How do we know this doesn’t work? (Apart of the complaints of the senior leaders of NHS organisations that is). I offer as my evidence the problem of the outputs of that performance management system.
I know NHS national managers complain that they don’t have enough money to produce outputs, but others, including the Institute for Government (IFG) have noted that a 20% increase in doctors and nurses over the last 4 years has not led to an equivalent increase in output.
So, to see if performance management works let’s not look at inputs. Let’s look at outputs. Waiting lists have gone up, and part of my explanation for this comes from the high level of NHSE anxiety about it – leading to the ineffectual shouting.
But today I want to look at outputs of performance management of a different kind. How does the current performance management system manage public money?
There is one area that links together the management of public money and management efforts to lowering (or not) waiting lists. It is what is currently called the Elective Recovery Fund (ERF).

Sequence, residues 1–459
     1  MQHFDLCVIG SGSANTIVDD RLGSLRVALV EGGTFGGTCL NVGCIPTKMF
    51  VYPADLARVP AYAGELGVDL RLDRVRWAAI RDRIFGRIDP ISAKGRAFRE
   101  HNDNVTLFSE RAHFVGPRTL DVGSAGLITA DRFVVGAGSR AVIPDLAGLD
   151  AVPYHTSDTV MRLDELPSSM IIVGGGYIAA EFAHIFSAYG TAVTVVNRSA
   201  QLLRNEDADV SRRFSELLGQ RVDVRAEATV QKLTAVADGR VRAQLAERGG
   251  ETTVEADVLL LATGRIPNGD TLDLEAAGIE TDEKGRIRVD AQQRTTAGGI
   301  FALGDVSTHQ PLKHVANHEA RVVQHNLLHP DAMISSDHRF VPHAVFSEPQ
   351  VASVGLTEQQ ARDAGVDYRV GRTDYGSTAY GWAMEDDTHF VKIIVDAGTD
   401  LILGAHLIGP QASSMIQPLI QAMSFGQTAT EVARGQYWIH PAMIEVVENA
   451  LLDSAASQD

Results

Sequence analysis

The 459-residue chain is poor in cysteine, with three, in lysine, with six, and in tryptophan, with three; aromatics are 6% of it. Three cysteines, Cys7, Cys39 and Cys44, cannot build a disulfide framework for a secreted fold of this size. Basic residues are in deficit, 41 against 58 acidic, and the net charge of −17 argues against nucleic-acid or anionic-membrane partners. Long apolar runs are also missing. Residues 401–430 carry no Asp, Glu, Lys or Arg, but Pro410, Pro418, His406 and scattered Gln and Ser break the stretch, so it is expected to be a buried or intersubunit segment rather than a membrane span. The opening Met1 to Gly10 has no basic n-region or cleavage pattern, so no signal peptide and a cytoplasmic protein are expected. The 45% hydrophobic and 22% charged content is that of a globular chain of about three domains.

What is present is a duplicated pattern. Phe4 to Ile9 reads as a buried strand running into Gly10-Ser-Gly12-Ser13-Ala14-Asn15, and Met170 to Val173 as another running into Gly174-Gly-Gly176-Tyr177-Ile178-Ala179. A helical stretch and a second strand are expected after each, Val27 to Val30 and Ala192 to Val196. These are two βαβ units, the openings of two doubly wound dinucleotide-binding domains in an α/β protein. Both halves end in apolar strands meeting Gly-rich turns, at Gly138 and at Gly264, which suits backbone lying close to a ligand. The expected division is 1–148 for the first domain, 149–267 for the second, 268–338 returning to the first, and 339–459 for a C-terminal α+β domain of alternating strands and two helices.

This blog has often discussed the payment by results (PBR) system introduced in 2002 (partly because I played a small role in developing it). I still remember how, at the time, the very idea of paying NHS organisations more money for doing more work was seen as being outside pf the way in which the NHS normally worked. That Government stuck with it however, and it played its part as one of the many incentives which brought down waiting lists.
For reasons they need to explain at some stage after the next election, between 2010 and 2019 the Conservative Government stopped this process and returned the NHS to payment by block grants. (I’ll never understand why paying organisations that do more work, more money doesn’t fit with Conservative philosophy).
However, post Covid the Government and the NHS re-introduced some sort of payment by results in the ERF scheme. Since then, I’ve been puzzling as to why a payment by results scheme that pays organisations more money for doing more work has in these last few years not led to more work.
Last week the National Audit Office helped. explain it for me. Last week’s report went so far as to qualify the 2022/23 annual accounts submitted by the Department of Health and Social Care (For any department of state this is a big deal).
The report states (p221):
“3) Basis for qualified opinion on regularity due to the breach of funding conditions for the Elective Recovery Fund